The circuit board looks reasonably well made and the parts locations are all nicely detailed. You could probably put it together without instructions if it weren’t for a few gotchas, like having to wind your own coil on a toroid.
Where’s the fecking Manual???
Now, the more sharp eyed amongst you might have noticed something missing from those photos up there. Where the heck is the manual/assembly instructions? Well, you don’t see it because there isn’t one. Instead of a manual there is a half sheet of paper telling me I need to download the manual from the MFJ website, giving me a URL to go to. So I go to the webpage as instructed and find a bad PDF of the circuit diagram which was so low resolution I couldn’t even make out the symbols or component labels. It looked like someone had almost deliberated fuzzed out all of the labels and component symbols, and the “manual” was actually a booklet in PDF telling me how to use the radio, not how to put it together. No assembly instructions. No readable schematic. Oh, goodie…
A search on MFJ’s site using its own search function turned up a reference leading straight back to the useless info I’d already seen. I finally ran a general search on Google and found the real assembly manual tucked away somewhere on MFJ’s site and I printed it out.
(Update 3/27/20: And now I can’t even find that website, for pete’s sake! I was going to put the link to the correct PDF in here as I edit this before posting it, and when I just tried I get a “page not found” error. MFJ is apparently upgrading its website and I can’t find it at all. Good job, there, MFJ. I didn’t keep a copy of the PDF, but at least I printed the thing out so I can at least take a stab at this. But anyone else wanting that booklet, well, it looks like you’re on your own.)
The manual itself (if you can find it) is actually pretty good. Sort of. Clearly written, mostly, with lots of detail, but sadly lacking in illustrations.
So let’s sling some solder and see what happens.
Now that’s interesting. Look at the 4 inductors up there. Notice anything different about one of ’em? Yeah, the third from the left is about half the physical size of the other three. The big three were supplied with the kit while the small one is my replacement and is about half the physical size, but it is the right specification according to the color codes and I put it on my tester just to double check, and it should be the right one. Is this going to be an issue? No idea at this point. All of the inductors I have in stock are the smaller size.
Also, more missing parts. Just found two resistors are missing. Look at this pic:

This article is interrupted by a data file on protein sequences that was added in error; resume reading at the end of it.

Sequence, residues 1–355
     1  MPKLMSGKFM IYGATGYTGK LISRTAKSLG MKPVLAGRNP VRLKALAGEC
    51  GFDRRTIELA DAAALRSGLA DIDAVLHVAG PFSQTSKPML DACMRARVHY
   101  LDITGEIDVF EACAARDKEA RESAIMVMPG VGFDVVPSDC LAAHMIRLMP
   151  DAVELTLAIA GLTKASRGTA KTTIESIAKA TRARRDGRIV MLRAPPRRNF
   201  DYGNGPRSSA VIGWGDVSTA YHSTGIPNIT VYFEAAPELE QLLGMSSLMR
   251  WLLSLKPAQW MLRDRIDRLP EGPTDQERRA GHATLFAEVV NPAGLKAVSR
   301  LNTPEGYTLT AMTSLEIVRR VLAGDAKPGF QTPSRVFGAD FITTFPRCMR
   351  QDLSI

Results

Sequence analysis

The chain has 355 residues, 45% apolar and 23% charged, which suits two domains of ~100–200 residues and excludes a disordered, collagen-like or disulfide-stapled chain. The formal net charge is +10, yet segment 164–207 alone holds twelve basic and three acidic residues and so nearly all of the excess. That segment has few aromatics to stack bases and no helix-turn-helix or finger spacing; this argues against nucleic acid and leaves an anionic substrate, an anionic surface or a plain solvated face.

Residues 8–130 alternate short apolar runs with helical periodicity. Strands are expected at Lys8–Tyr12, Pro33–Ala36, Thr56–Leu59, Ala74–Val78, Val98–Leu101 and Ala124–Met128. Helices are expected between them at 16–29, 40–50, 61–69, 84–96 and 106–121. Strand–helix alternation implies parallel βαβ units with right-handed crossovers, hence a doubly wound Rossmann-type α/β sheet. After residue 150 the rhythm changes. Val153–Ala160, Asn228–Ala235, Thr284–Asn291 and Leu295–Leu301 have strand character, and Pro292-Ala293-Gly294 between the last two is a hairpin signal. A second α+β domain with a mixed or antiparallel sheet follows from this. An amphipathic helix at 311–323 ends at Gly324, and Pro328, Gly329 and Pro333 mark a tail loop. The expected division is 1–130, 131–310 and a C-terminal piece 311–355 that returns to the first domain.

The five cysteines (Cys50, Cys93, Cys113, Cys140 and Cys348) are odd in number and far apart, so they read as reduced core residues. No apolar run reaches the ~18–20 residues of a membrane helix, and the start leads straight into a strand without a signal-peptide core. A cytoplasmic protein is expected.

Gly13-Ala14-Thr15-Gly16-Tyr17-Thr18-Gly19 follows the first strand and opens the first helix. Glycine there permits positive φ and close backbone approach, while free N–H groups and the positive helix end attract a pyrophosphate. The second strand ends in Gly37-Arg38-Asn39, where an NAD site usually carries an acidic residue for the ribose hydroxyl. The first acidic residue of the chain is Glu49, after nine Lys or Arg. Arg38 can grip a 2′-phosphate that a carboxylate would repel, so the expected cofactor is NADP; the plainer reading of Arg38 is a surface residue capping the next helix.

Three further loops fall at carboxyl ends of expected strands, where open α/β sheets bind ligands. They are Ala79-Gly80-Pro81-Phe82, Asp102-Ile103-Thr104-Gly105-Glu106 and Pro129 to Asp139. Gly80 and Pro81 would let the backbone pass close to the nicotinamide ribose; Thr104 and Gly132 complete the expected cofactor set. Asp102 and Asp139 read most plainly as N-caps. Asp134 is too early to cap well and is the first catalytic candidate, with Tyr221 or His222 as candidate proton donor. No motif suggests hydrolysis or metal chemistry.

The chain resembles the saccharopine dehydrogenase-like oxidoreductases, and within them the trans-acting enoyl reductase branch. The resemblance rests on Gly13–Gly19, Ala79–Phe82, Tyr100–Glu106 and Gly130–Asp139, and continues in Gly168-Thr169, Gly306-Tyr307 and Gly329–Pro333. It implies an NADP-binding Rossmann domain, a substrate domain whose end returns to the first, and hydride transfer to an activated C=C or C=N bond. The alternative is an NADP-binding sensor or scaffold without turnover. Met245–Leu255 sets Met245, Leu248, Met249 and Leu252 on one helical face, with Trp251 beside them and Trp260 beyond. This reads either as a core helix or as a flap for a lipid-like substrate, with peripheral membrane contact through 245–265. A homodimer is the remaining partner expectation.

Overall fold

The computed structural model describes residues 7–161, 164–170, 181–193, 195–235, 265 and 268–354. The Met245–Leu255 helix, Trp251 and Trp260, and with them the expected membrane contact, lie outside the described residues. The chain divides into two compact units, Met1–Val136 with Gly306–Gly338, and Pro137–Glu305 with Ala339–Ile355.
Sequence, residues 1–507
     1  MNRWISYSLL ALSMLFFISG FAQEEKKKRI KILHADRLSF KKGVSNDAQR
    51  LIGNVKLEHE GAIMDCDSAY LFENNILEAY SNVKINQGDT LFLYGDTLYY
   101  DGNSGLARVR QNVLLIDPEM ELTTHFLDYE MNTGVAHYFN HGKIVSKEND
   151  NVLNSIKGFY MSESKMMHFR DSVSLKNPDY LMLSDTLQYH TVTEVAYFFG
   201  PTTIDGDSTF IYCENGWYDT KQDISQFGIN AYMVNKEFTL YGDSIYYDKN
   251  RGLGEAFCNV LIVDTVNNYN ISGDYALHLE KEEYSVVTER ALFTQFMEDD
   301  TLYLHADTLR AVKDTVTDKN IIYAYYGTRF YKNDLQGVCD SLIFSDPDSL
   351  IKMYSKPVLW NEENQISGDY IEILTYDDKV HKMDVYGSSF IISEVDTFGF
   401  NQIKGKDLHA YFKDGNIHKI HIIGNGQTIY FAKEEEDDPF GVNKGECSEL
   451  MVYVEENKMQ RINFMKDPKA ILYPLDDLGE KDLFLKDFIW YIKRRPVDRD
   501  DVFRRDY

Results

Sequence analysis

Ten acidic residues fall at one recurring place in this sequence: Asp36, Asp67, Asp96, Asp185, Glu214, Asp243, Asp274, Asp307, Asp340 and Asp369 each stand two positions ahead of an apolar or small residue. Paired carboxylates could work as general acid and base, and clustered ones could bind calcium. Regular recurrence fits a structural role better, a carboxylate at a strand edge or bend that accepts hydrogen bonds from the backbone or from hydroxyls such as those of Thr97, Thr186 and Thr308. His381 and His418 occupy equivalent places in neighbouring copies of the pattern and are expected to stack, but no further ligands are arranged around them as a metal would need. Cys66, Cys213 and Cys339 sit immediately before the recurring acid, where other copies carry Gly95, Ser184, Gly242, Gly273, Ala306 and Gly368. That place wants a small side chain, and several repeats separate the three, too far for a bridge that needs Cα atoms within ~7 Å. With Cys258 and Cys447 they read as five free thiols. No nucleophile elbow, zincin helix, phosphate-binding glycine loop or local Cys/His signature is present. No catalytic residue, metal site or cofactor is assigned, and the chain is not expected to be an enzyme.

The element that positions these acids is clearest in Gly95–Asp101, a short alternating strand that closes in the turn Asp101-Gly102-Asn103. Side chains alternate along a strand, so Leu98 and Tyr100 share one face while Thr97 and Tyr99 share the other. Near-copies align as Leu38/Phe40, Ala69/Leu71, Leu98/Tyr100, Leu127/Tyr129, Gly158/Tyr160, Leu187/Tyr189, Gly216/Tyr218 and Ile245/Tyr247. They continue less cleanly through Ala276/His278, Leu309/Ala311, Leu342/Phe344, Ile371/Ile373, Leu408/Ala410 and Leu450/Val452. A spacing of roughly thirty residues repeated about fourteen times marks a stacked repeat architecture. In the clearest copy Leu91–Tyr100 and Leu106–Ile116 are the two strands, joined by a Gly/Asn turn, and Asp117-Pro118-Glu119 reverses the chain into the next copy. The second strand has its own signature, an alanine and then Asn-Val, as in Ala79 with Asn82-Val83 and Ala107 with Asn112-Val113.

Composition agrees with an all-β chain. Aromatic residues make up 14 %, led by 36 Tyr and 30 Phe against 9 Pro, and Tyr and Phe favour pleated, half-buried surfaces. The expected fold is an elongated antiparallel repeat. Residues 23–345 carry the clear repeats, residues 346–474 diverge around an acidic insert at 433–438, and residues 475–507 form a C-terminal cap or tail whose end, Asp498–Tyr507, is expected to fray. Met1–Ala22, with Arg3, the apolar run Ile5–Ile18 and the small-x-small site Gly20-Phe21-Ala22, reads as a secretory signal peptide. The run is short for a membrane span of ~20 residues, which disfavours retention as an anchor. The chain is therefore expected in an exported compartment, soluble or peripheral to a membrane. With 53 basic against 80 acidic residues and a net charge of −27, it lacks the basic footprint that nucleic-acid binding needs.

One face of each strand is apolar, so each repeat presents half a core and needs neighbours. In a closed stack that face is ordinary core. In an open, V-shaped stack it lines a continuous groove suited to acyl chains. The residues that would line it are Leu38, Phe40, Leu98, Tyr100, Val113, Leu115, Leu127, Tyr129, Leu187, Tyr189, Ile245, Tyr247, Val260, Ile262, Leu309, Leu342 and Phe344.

R3 and R6 were missing so I had to pull those off the shelf. Notice that they’re an entirely different color from the kit supplied one, R17. I use the generally more reliable metal film resistors (the blue ones) while the kit supplies carbon resistors (the tan ones). Now very, very rarely the type of resistor can make a difference, so I’m hoping that isn’t the case here.
Later – Missing parts list now sits at 1 missing inductor, 4 missing resistors, and 2 missing capacitors.
And now there’s an issue with one of the electrolytic capacitors.
C14 there next to the IC socket is, according to the instructions, supposed to be a 10 uF cap, but the kit supplies a 1 uF. Or at least I think that’s the one because the 1 uF is the only one left. Do I follow instructions and put in a 10, or use the 1 uF supplied? I finally pulled a 10 uF off the shelf and used that in the hopes that the instructions are right and the parts picker was wrong. (Later – Apparently the 10uF was the right choice because now that it’s done it works)
And speaking of IC sockets, and this applies to whenever you’re soldering a socket, use caution soldering the pins because it is very easy to apply a tiny bit too much solder and end up with solder bridges shorting out the pins. And it’s easy to do a bad joint as well. Double check under a magnifier.
Time to install the variable cap which is how you tune this puppy. And…
And the solder lugs on the cap are way too big for the holes in the circuit board. I could either drill the holes out, which I don’t want to do because the solder pads are none too large to begin with, or I could trim off the lugs. I finally trimmed the lugs off.
Above here I’m trying to mount the volume control and the regen control. They don’t make this easy either. We’ve gone from holes being to small to holes being way, way too big. Note how some of those holes at the top edge of the board have been double drilled, which makes them way too large for the solder lugs on the potentiometers that are supposed to fit in there.
And speaking of soldering, look closely at those solder pads on that board. It’s difficult to see in the photos but almost all of them seem to be covered with some kind of oxidation that makes it difficult for the solder to adhere. I’ve been using a bit of a scotch brite pad held in a needle nose pliers to buff them before I solder anything.